As a Tennessee native, some eight hours from the nearest coast, many ask what inspired Garrett to study marine biology, to which he replies “I just looked at the ground”! In his youth he noticed fossils from an ancient seabed all over his hometown. This raised many questions and eventually led him to pursue his Bachelors in Marine Biology at James Cook University in QLD, Australia. Post graduation he moved to the UK to work for a rebreather and dive computer manufacturer where he developed a passion for electronic design. Garrett is currently in pursuit of a masters degree through the University of Hawaii at Manoa and the Hawaii Institute of Marine Biology. There, he is combining his two passions, electronics and marine biology, to study fish populations on the deepest portions of Pacific Coral Reefs. With the advent of closed-circuit rebreather technology these reefs, known officially as Mesophotic Coral Reefs, are alas being explored. Garrett's mission is to characterize fish populations that exist on Mesophotic Reefs as well as to determine if they may possibly serve as a refuge or ‘seed bank’ for fish species that also occur on shallower reefs. His role on the Expedition will be to assist in conducting fish surveys at all sites visited. Fish surveys serve as an excellent and straightforward method of determining the overall health of coral reef systems. Marine biologists are assigned the huge task of protecting the world’s coral reefs, and fish-surveys help us determine what lives there and their abundance so that policy-makers can make more-informed decisions in future marine policies.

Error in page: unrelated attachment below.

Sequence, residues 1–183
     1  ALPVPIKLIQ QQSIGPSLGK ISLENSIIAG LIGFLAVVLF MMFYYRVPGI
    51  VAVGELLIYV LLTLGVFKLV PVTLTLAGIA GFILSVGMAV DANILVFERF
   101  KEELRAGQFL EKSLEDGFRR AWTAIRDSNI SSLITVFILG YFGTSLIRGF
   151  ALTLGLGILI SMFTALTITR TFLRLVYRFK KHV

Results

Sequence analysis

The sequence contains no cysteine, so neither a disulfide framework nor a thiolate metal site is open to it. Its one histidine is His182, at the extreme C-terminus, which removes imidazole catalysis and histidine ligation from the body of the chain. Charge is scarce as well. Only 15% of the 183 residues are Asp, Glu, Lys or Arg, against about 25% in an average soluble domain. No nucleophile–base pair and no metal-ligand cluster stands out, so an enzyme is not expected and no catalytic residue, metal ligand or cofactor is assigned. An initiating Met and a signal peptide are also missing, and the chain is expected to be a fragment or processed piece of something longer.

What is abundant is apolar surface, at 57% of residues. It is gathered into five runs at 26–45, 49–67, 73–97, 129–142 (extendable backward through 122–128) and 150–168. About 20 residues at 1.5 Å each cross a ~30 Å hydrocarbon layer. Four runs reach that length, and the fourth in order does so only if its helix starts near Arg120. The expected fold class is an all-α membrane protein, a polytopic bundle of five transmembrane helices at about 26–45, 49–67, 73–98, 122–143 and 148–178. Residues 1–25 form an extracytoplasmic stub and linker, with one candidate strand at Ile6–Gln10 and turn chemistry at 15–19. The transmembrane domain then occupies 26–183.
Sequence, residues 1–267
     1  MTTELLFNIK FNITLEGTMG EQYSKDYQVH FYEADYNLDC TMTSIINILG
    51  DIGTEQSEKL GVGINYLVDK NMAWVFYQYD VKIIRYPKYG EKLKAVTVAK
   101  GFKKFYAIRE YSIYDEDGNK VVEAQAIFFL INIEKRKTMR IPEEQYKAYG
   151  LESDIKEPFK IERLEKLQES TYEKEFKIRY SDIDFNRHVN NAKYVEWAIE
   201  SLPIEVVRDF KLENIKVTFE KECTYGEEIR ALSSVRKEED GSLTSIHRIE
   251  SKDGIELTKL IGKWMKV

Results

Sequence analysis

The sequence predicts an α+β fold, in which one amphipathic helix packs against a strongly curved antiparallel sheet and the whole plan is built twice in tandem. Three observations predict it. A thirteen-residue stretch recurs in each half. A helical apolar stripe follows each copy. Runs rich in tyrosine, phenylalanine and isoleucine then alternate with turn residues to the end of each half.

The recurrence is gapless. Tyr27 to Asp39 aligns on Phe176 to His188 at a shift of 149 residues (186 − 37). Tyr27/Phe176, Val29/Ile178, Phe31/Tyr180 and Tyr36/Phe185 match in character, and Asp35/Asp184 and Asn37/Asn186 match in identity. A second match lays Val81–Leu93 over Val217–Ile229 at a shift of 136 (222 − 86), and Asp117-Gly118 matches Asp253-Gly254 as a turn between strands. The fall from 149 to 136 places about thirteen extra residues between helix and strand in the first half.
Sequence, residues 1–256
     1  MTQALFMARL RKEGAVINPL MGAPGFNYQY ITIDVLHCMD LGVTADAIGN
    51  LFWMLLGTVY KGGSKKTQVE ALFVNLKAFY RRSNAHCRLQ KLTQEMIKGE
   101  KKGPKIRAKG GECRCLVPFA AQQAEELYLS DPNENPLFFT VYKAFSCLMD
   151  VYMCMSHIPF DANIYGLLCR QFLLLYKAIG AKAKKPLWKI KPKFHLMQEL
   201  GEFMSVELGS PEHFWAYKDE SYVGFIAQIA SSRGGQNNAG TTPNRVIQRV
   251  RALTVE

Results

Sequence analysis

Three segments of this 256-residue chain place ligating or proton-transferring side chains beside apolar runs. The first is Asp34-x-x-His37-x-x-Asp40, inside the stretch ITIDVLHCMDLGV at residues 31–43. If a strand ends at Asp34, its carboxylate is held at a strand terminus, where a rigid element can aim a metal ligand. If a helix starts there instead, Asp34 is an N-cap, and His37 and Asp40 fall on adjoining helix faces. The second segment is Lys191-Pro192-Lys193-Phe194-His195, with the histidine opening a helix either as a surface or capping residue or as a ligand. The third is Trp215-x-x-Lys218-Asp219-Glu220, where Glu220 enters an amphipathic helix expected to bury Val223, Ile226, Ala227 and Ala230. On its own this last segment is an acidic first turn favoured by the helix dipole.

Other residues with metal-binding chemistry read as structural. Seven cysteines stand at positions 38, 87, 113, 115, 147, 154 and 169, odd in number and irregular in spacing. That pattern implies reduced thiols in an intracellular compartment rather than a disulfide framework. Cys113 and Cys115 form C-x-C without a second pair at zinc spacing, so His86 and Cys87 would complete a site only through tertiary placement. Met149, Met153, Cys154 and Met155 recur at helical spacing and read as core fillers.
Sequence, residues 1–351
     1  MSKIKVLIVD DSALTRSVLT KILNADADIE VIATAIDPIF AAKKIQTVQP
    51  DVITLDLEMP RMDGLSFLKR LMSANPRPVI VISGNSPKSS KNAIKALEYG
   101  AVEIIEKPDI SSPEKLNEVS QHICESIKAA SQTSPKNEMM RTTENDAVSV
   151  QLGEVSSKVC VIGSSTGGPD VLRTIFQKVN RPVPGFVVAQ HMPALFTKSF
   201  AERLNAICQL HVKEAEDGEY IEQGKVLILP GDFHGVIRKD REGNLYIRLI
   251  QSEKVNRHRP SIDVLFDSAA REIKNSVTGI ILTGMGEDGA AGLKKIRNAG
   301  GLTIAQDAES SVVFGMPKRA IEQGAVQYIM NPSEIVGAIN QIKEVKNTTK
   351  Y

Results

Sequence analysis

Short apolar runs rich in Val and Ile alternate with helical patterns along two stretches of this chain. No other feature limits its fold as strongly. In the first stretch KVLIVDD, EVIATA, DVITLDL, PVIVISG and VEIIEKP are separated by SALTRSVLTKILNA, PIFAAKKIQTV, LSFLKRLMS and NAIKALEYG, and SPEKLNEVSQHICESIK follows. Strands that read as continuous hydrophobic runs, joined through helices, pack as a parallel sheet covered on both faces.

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Published in Diversity, January 2019 By Garrett B. Johnson, Brett M. Taylor, William D. Robbins, Erik C. Franklin, Rob Toonen, Brian Bowen, and J. Howard Choat Abstract The structure and dynamics of coral reef environments vary across a range of spatial scales, with …
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